The Abbotsford Convent is located just above the banks of the excitable brown river that pulses alongside the Collingwood Children’s Farm, a few kilometres from the city of Melbourne. The Wurundjeri people, who lived in the area prior to white settlement, called the river Birrarung or River of Mists. Once a month, market-goers flip a two-dollar coin donation into a bucket so their children can ogle exotic fur-footed chickens, haggle with geese, pat pigs the size of bicycles and stumble into pails full of the thorniest roses this side of a country and western song. A bike path zippers the farm to the rejuvenated convent beyond and elderly women in black tops and skirts can occasionally be seen tugging at the weeds that grow along its fence, urging the scent of licorice into the river-laden air.
As a child attending a Catholic primary school in the western suburbs of Sydney my only exposure to poetry arrived via pop music and fiction. I don’t think I even knew there was such a thing as poetry but the words to California Girls and WonkaVite were never far from my lips. In fact, the six lines that begin ‘Those rolls of fat around your hips’ remain the only bits of verse I have ever committed to memory. This commitment to never straying far from the grid remained throughout my twenties where, as an undergraduate, the only poems I allowed myself to read came from The Norton Anthology.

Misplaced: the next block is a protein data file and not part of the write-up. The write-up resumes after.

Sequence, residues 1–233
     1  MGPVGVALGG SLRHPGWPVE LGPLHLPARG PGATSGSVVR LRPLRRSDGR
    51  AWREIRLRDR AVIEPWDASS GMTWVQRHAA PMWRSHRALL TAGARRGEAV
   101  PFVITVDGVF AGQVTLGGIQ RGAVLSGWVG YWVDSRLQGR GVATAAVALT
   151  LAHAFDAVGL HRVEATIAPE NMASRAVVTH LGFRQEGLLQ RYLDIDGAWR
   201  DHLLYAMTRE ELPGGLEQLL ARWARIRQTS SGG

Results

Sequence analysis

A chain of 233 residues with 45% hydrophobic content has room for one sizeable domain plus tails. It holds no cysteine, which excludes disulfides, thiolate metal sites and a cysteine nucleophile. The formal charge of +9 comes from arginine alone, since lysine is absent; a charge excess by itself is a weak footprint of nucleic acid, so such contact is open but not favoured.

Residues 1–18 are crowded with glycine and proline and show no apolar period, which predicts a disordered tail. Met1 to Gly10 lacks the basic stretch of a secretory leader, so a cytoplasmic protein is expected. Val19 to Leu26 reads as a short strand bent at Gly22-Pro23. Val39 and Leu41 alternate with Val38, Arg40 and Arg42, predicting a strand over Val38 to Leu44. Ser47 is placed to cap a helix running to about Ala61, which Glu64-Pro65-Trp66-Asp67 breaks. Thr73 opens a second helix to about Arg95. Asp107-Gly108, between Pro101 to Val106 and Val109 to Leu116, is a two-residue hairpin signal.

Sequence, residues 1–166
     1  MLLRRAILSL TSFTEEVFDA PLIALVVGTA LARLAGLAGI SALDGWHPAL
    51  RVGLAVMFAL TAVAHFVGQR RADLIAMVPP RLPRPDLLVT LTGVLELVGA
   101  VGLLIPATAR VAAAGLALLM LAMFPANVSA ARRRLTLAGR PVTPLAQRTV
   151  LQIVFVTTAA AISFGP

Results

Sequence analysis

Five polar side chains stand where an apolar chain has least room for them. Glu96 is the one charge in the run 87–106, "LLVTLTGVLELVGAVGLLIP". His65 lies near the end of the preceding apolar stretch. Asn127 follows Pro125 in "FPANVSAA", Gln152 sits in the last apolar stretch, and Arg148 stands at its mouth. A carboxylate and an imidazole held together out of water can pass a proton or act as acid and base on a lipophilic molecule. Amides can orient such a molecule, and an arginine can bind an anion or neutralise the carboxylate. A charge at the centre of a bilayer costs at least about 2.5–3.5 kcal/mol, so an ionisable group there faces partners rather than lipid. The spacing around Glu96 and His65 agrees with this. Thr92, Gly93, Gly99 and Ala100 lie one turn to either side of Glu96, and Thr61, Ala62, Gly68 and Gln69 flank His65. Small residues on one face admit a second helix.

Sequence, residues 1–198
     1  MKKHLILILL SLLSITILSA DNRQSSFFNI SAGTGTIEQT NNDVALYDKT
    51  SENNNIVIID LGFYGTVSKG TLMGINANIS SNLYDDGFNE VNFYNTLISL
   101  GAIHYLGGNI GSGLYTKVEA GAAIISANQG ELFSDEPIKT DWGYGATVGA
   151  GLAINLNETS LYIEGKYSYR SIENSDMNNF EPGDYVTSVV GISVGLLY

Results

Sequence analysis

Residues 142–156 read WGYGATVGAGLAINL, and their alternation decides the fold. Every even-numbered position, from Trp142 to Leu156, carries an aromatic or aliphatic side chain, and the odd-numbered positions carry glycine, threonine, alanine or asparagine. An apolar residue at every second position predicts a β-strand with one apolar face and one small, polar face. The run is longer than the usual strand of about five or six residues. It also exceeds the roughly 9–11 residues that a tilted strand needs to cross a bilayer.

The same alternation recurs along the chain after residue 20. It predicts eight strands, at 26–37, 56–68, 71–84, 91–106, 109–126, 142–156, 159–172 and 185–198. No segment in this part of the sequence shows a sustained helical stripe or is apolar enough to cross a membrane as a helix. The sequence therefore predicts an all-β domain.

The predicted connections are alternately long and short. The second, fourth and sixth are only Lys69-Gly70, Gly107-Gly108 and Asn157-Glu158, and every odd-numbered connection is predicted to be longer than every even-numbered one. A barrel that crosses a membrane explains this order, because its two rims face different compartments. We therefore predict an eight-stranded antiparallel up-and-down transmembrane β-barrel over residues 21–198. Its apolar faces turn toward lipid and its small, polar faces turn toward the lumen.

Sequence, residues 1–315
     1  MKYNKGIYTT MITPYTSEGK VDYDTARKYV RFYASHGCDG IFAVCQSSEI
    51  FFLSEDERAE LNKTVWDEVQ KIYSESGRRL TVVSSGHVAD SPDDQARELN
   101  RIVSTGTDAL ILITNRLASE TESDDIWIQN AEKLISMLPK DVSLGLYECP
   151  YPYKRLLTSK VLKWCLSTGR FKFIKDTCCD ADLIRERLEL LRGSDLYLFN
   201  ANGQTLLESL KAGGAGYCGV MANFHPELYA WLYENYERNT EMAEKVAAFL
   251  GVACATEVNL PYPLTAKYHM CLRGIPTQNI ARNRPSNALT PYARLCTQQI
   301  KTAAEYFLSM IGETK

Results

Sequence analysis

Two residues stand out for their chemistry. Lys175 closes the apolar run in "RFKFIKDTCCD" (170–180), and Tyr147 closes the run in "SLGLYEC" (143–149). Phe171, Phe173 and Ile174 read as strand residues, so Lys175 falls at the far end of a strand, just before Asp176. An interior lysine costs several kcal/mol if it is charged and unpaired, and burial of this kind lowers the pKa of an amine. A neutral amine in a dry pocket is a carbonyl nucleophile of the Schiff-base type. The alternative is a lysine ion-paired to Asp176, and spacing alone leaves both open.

One of the best things about talking to people in real life is that they will sometimes say things that can affect you in unpredictable ways. Comments deemed disposable on Twitter or Facebook turn out to have an almost spooky resonance when delivered in person. Conversely, the unexpected turn can take on the hue of the foreseen as Sydney poet Toby Fitch discovered at the launch of Vagabond’s new triptych of ‘rare objects’ chapbooks by John Tranter, Kate Lilley and a. j. carruthers.
In an English translation of a French transcription of a lecture delivered in 1973, Jacques Lacan proposes his ground-changing formulation: ‘Mathematization alone reaches a real’. For Lacan, what this means is that what we thought was fantasy and what we thought was knowledge are now entwined.
In a recent review of new collections by Corey Wakeling, Pam Brown and Lisa Gorton, Peter Kenneally identifies ‘a Justin Clemens appearance’ in Wakeling’s "Walk the Plank!". Pondering the inclusion, he writes:
Justin Clemens, in case you are wondering, is an academic, secretary of the Lacan Circle of Melbourne, and recently has published a book titled Psychoanalysis is an Antiphilosophy. Now that’s what I call an allusion.
Clemens is also a poet, and name-dropping has been ‘a thing’ in poetry ever since – and no doubt long before – Aurelius and Furius first dissed Catullus. Conversely, we’re all familiar with Pound’s advice to Eliot to replace the citation from the work of one of his contemporaries with a less-threatening classical reference. Elsewhere, poets work their poems so that they ‘tolerate a state of namelessness’, in the sense meant by Derrida. In “Unreading Kinsella: Dropping names and Revolutions of the Word in Syzygy,” Michael Brennan views the language of Kinsella’s text, with its resistance to simulation through the use of ‘enjambment, echolalia, coinings, parenthesizing and cacology’ (169), as that which unsettles, unnerves, even ‘unreads’ the reader (174).